cxperien e in administrative affairs. Is
a student of present da yiptes
lions and has successfully managed cv
cry thing he has 1" n eonneeted with.
Motto: "The president should he a Inis
incss man.”
Paid Advertisement
I he sophomore class will hold an im
port,ant meeting next Friday at four
o’clock in Professor Schmidt’s room.
Treasurer Walls will ask for an assess
ment to cover the present delieiency in
the treasury.
I'lic withdrawal of one contestant and
the disqualification of another made the
ircliminary tryout for the Failing and
I'lcekman prizes unnecessary. I here
were hut eight at first and the six which
re left, being the required number,
did not expound their "spread eagle.’
Kssic K. Sechrist was the one who de
(lilted to expaeiale before the judges
and Karl V Not! was the victim of cir
cuinstances and an adverse ruling. He
had not been a student of Oregon (hir
ing his junior year and entered late
it the beginning of this year when the
rules governing the contest were no
longer posted on the board, and in ac
eordancc with the catalogue which says
"anv member of the Senior class, he
filed his subject and prepared his ora
lion. When the contestants were as
scmblcd to give their orations it was
suddenly discovered that Mr. Noll was
ineligible to compete.
President Needs Preacher If He
(ieorge Mohammed White, the "I tea
coll of I tillhltl \ Cross,” is the quietest
man in college. Noted for great pa
tience, the essential quality in a vice
president. Motto: "The vice-president
should wait for the president to die."
( Paid Advertisement.)
Mrs. Wilcox, ol Independence, is vis
iting her daughter Cecilc at the Ixappa
4h>ha Theta house.
Olga I Iallingby. of Portland, is vis
iting at the kloslic I illacum house.
Xcxt tuesday and Wednesday after
noons tin- strong l uiveisity of Wash
inglon baseball team will meet the
Oregon nine in two games at Midway
\s a result of (he recent defeat ad
ministered to the Oregon team, tlte
V\ isliington cluh is confident of taking
oth panics at Kugene. Since the game
at Seattle the Oregon team has been
materially strengthened, and Coach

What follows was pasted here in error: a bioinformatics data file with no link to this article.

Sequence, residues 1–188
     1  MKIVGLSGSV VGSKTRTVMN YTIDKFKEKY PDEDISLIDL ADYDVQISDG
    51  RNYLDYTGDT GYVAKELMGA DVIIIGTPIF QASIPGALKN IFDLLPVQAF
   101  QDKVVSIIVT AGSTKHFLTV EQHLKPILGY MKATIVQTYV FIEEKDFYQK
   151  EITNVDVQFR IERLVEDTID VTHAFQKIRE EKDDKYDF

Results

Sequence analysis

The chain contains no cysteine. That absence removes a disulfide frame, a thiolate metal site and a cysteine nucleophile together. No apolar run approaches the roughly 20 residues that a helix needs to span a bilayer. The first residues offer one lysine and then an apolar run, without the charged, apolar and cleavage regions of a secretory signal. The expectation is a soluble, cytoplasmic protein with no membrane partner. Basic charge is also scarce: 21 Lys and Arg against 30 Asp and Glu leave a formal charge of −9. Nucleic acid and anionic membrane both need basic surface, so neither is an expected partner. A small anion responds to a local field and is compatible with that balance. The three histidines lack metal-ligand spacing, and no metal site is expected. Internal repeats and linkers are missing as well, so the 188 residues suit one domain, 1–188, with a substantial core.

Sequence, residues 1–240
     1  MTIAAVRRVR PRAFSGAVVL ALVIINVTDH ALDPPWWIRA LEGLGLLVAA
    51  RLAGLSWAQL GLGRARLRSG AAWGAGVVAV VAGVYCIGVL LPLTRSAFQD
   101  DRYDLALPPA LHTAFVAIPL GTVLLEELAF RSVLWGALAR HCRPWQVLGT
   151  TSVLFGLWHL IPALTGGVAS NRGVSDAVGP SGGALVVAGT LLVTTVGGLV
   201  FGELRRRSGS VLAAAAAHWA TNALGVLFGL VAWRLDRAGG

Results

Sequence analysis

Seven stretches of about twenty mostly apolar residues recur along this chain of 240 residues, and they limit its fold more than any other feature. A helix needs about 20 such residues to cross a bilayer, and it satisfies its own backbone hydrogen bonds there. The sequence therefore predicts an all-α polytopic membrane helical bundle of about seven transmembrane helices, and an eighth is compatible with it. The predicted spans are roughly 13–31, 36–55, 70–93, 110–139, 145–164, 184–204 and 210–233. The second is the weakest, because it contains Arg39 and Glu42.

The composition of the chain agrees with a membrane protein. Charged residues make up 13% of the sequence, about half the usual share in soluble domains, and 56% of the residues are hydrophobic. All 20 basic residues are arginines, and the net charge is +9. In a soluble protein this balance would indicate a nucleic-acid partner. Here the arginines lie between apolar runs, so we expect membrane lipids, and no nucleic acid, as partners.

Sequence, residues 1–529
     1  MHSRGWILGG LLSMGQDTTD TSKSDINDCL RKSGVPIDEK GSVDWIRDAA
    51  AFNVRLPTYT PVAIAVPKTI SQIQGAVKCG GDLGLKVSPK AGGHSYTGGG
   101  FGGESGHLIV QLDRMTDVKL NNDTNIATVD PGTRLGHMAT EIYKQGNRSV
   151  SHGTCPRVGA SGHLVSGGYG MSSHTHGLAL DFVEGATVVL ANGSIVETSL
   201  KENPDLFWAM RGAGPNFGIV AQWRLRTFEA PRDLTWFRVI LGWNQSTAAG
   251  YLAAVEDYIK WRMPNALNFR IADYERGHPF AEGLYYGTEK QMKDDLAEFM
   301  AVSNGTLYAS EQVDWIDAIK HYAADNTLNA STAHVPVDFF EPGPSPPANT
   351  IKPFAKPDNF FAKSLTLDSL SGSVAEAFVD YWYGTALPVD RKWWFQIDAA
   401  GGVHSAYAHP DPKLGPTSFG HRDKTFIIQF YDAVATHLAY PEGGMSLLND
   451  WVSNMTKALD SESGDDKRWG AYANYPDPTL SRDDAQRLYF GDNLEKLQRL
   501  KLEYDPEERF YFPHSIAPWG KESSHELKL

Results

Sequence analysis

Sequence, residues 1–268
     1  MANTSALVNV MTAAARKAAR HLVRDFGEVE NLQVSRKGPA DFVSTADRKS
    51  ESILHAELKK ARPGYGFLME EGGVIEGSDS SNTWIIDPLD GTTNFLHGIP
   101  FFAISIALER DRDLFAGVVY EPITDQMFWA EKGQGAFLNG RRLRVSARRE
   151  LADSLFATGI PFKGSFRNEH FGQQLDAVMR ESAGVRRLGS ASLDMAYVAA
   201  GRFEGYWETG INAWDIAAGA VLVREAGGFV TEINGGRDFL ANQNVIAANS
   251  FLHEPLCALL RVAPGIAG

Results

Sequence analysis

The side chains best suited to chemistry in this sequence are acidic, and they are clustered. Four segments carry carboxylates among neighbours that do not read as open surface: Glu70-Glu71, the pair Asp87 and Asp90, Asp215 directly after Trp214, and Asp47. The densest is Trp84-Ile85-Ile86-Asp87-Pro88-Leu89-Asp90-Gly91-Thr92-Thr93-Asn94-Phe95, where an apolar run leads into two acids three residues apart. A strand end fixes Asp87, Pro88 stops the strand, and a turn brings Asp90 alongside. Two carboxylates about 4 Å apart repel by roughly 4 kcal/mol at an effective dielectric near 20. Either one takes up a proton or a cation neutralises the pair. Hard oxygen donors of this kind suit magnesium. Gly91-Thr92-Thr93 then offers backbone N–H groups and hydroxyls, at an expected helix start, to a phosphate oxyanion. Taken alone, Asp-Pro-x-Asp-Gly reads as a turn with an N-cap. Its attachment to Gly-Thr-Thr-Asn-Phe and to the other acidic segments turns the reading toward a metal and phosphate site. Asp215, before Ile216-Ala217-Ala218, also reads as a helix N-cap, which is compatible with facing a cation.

Kelly expects to spring a surprise on
the Washingtonians. Manager Jami
sou wants every student out to support
Oregon against the formidable Wash
ir.glon club.
Drawings For Handicap Tour
nament In Singles Made
Last Night
I he concrete tenuis court has been
doing double time since the return of
good weather, with Varsity tryouts,
handicap tournaments in singles and
doubles and endless practice games.
I In Varsity tryout matches played
oil up to this morning resulted as fol
lows: llond won from Collins, 6 to (J,
(>, 1 ; Shaltuek from Moores 0 to 3, ()
to 3; Robison from Baer 0 to 3, 6 to 3;
Cray from Jamison 0 to 5, 6 to 3;
Rothschild from Wells (> to 3, 6 to 4.
I he drawings for the handicap tour
nament in singles were made last night.
I he men classed to play in the prelim
inaries were matched as follows:
Gregory and Shattuck, (jet/, and Gray,
Moores and Welch, Collins and Robi
Mm, Wells and Karris, Otten and Moore,
Stewart and Luckey, B. Kastham and
Fra/icr, I a) lor and I lodge, Fowler and
Bricdwell, Barks and Davidson, Jami
son and I’ovvell.
I hose who are handicapped to play
the first round without preliminaries
are: Shangle with Prescott, C. Moore
with Rothschild, P. Bricdwell with
Bates, Brown with Huston, I erry with
I homns, Bond with Newland, G. Fast
ham with Dunlap, Baer with Stine,
Smith with Cahrielson, Waite with
| Strang.
I lie drawings for the doubles have
mil yet been made, so there is still time
in sign up for them.
Listen to Tramp of Cow Hide
Calvin Lawrence Sweck was raised ill
the Blue Mountains of Grant County,
here steam engines, automobiles and
' i.ig machines are still unknown, lie
.in,, handles the feathered (pull as he
ed to handle the bucking broncho, and
i a life long friend of the common pen
i pie. Motto; "Democracy.
Paid Adverti ement
Mir mi B. ( onihear, aquatic trainer at
Hie. i'niversity of Washington for the
la 4 four vear-d ha°s been re engaged for
the next year at a salary of $1,800.